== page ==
MAY 16TH, 2008 | ryan.alexander
By DAVID M. HERSZENHORN, New York Times
WASHINGTON — The Senate on Thursday approved a five-year, $307 billion farm bill with wide bipartisan support, virtually sealing President Bush’s defeat in a battle over agriculture policy.
Mr. Bush has promised to veto the bill because he says it would not do enough to limit subsidies at a time of record grain prices. His advisers said Thursday that he had every intention of making good on that vow.
The Senate vote, 81 to 15, with 35 Republicans in favor, guarantees an easy override of a veto. The House passed the bill on Wednesday, 318 to 106, also far more than the two-thirds needed to overturn a veto.
Although the measure is universally known as the farm bill, it has far more money to feed the poor, including $209 billion for nutrition programs like food stamps and food banks, according to the Congressional Budget Office, compared with $35 billion for agricultural commodity programs.
“This is a great day for America, not just for farmers and ranchers,” said Senator Tom Harkin, Democrat of Iowa and chairman of the Agriculture Committee, who noted that the bill included money for healthy snacks for schoolchildren, for land conservation and rural development and for producing alternative fuel like ethanol made from switchgrass and other plant matter.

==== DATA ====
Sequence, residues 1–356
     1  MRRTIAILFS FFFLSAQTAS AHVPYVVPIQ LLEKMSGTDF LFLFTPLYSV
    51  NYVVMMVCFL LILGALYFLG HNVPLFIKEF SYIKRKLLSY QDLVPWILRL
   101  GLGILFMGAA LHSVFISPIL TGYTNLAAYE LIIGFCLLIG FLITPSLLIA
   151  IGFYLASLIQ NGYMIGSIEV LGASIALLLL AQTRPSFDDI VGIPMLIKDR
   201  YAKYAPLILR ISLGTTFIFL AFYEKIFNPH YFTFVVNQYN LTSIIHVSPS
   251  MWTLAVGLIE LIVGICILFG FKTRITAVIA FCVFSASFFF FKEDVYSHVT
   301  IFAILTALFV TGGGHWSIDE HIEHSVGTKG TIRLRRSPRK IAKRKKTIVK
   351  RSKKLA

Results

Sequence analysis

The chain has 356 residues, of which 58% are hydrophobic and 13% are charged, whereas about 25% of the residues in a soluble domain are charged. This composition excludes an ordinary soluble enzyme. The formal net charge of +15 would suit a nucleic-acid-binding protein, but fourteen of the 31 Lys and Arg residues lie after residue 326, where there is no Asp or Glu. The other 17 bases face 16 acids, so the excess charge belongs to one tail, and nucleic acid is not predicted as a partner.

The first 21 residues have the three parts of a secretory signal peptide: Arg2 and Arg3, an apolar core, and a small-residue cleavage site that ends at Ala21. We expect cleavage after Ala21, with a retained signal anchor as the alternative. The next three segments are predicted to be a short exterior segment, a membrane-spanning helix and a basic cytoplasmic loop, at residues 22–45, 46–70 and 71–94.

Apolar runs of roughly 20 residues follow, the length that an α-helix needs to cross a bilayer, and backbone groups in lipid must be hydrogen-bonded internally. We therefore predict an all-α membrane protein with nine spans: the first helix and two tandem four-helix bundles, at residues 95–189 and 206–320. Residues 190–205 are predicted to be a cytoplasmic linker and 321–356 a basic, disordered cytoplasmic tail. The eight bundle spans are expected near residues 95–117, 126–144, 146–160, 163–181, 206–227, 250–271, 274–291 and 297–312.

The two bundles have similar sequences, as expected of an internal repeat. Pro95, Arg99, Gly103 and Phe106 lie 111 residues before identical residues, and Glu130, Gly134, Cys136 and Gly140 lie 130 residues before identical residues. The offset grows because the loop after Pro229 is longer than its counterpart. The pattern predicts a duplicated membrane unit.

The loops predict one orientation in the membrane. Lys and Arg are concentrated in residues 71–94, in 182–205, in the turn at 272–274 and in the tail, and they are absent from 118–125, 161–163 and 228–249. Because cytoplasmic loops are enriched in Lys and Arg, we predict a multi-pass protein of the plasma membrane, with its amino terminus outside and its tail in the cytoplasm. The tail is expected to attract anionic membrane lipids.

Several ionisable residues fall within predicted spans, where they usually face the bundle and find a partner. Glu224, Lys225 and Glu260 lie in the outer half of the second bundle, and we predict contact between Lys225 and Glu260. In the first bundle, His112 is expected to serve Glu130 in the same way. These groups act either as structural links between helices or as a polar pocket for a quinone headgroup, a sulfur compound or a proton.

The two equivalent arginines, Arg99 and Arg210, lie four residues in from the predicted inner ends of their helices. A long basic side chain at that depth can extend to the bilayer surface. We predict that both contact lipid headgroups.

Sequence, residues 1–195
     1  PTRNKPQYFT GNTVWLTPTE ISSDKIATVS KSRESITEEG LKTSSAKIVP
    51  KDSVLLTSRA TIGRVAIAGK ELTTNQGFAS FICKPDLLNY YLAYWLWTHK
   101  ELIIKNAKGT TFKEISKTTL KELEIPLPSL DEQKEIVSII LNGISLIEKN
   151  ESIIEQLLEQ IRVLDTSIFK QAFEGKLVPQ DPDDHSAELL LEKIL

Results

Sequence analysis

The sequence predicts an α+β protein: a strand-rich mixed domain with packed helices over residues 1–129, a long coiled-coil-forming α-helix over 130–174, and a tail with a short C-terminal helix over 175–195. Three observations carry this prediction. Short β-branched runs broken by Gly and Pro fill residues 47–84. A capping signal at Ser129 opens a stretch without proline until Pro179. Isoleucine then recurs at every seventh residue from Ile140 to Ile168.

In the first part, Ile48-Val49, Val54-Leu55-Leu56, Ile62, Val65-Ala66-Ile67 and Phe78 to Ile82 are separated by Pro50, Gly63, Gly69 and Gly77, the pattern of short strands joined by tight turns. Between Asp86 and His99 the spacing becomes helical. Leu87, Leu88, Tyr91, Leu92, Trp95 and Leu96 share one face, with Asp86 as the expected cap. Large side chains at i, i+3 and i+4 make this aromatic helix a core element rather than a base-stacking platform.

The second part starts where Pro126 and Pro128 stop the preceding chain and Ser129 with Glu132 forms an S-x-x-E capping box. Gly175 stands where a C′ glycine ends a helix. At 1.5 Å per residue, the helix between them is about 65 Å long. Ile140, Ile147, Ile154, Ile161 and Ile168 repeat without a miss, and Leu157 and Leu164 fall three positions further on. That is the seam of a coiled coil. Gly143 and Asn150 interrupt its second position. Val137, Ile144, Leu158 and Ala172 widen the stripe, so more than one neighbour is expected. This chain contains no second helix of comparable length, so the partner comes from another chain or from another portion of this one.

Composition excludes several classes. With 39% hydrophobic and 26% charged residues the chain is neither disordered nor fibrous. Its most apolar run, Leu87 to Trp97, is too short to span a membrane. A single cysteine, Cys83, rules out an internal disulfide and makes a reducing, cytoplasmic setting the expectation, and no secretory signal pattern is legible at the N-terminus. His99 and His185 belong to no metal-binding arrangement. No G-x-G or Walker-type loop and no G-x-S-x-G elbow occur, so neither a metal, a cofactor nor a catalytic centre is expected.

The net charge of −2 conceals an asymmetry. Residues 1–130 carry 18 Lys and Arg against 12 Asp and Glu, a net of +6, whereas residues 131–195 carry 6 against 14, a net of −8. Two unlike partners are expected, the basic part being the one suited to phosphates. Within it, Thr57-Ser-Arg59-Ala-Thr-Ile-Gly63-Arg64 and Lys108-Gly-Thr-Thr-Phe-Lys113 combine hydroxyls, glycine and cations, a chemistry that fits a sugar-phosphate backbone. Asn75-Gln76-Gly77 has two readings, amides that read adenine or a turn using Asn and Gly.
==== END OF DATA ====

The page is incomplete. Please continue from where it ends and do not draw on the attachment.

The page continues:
“This is really a farm bill for everyone,” Mr. Harkin said. “I am still hopeful the president will sign it.”
The White House said that there was no reason for lawmakers to be hopeful and that Mr. Bush would veto the bill when he returned from a Middle East trip.
“We will continue to make the case with lawmakers why it is bad for Americans,” said Scott Stanzel, a White House spokesman.
Mr. Bush’s objections include the failure of the bill to do enough to limit subsidies, which he has said are difficult to justify in such flush times for producers.
The administration had sought an income cap of $200,000 above which farmers could not qualify for farmer-subsidy payments. The bill sent by Congress limits farm income to $750,000 and non-farm income to $500,000.
The $750,000 limit would apply just to so-called direct payments that are disbursed based on acreage, regardless of market conditions or whether the land is actively farmed. The $500,000 limit applies to all programs.
Currently, there is no limit on farm income to qualify for payments. The limit on non-farm income is $2.5 million.
Senator Saxby Chambliss of Georgia, the senior Republican on the agriculture panel, said Congress would override a veto.
“Obviously, I have been very disappointed in the comments coming out of the White House,” Mr. Chambliss said. “But we do have a strong vote in both the House and the Senate, and I think that shows you that in a complex piece of legislation like this, and it truly is because it touches so many different areas of so many different aspects of agriculture and food production, as well as nutrition and conservation and energy, that there is something in this bill for every member of the House and every member of the Senate.”